Texas is a large, rapidly growing state whose future prosperity depends upon today’s public investments.  We need to develop our human capital through education and strengthen critical infrastructure such as our water, transportation, and health care systems.

Our antiquated tax system, however, is not up to the task.  Most of our state tax dollars come from a sales tax on goods, but increasingly our economy is based on selling services, which for the most part we don’t tax.  Consequently the proportion of our economy that we invest in the public sector has been steadily shrinking, leaving us short the money we need for public goods.  We must modernize our tax system.

As the Texas Legislature begins a new session, though, instead of hearing about tax modernization, you will hear that Texas has as much as an $8 billion tax “surplus.”  Nothing could be further from the truth.  A “surplus” means that you have more of something than you need.  Texas doesn’t have more tax dollars than it needs.

Biennial Revenue Estimate 2014-2015, click image to download.

Let’s start with how much Texas has for our next two-year budget.  The Comptroller’s revenue estimate gives the Legislature $92.6 billion to spend in the next two years, plus another $8.8 billion unanticipated from the current two-year cycle, for a total of $101.4 billion.  Additionally we will have $11.8 billion available for appropriation out of the Rainy Day Fund.

So do we have a tax surplus?  No.  To begin with, Texas has never spent what it takes to meet our needs.  Texas state government consistently ranks at or near the bottom of the fifty states in spending per resident, and when you add local government spending, Texas still ranks as low spending.

Texas took a big step backwards in 2011.  When tax revenue fell due to the Great Recession, instead of using more of the Rainy Day Fund to protect education and other critical public goods, the Legislature deeply cut spending.  What some are now calling a tax “surplus” in the current two-year budget cycle is really nothing more than dollars that would have gone to meet the needs of Texas had the state comptroller more accurately forecast revenue or had the Legislature used more of the Rainy Day Fund instead of cutting spending.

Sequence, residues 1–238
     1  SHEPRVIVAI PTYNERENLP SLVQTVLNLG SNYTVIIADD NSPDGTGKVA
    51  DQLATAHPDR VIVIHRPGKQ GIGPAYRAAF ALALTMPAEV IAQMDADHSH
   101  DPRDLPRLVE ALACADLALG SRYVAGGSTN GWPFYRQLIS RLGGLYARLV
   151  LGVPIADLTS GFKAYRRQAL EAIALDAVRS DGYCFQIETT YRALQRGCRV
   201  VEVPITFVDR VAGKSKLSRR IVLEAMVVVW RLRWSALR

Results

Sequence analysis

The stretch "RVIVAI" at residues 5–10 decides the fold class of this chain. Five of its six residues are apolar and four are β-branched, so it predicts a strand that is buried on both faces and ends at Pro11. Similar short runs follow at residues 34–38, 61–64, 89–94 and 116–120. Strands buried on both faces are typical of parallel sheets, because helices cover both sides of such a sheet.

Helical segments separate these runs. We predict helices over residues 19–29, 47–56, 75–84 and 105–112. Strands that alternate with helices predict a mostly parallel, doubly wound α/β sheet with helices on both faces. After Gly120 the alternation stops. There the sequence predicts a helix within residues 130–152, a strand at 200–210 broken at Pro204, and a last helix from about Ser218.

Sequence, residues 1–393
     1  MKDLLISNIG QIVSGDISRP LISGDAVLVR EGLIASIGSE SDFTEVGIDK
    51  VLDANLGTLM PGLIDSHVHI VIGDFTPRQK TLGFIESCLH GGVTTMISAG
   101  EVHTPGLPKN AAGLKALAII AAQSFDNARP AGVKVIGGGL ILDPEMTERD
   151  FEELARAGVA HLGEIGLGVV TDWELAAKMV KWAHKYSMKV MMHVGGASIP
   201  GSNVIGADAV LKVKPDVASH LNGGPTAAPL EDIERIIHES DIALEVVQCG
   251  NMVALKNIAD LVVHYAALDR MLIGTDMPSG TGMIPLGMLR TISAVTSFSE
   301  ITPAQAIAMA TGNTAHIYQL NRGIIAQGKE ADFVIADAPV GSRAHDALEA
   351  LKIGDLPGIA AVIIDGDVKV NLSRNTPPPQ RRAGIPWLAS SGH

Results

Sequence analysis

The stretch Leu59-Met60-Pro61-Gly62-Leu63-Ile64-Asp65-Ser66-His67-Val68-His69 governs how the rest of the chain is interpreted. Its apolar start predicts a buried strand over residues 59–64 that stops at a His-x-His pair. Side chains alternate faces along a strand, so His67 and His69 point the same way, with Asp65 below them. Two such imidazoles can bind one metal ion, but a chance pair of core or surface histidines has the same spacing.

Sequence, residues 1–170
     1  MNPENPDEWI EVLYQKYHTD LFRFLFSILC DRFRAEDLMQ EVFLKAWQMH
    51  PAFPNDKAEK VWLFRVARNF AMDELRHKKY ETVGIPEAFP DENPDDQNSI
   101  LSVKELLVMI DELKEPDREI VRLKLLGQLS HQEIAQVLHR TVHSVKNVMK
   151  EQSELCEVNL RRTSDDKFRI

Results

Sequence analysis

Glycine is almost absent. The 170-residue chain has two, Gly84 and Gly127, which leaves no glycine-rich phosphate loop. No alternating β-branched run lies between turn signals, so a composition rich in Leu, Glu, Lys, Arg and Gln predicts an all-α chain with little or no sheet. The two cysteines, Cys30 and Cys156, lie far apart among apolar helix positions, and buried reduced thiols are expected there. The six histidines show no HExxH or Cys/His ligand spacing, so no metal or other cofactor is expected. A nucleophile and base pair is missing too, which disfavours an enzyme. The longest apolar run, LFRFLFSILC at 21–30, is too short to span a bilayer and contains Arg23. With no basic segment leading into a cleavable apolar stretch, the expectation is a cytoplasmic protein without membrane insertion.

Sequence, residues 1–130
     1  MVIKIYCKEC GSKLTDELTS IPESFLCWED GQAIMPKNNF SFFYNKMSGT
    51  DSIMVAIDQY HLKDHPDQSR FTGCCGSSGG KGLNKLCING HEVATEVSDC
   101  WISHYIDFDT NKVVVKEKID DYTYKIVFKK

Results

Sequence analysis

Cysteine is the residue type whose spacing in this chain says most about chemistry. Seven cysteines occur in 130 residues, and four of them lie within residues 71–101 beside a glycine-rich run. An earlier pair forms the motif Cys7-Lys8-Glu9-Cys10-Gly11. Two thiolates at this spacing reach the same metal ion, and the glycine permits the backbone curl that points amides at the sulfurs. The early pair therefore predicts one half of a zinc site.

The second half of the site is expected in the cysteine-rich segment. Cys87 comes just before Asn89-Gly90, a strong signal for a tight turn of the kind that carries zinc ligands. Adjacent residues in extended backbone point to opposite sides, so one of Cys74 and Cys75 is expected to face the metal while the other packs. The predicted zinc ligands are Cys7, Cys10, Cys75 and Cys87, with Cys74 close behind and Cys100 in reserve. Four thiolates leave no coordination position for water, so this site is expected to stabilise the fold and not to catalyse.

Public education is still reeling from $5.3 billion in cuts in 2011.  In just the first school year under the current state budget, these cuts have forced districts throughout Texas to lay off more than 25,000 teachers and support staff and to obtain an unprecedented number of waivers to exceed classroom size limits. Lawsuits filed against the state by the vast majority of school districts are yet another sign that school funding cuts went too far.  And it wasn’t just pre-K through high school that was cut.  The Legislature also cut funding to our colleges and universities, as well as financial aid for students.

In 2011, the Legislature also slashed health care for low-income Texans provided by Medicaid.  Because of cuts to what we pay health care providers, fewer than one out of three Texas physicians are now willing to take on new Medicaid patients, compared to two out of three in 2000.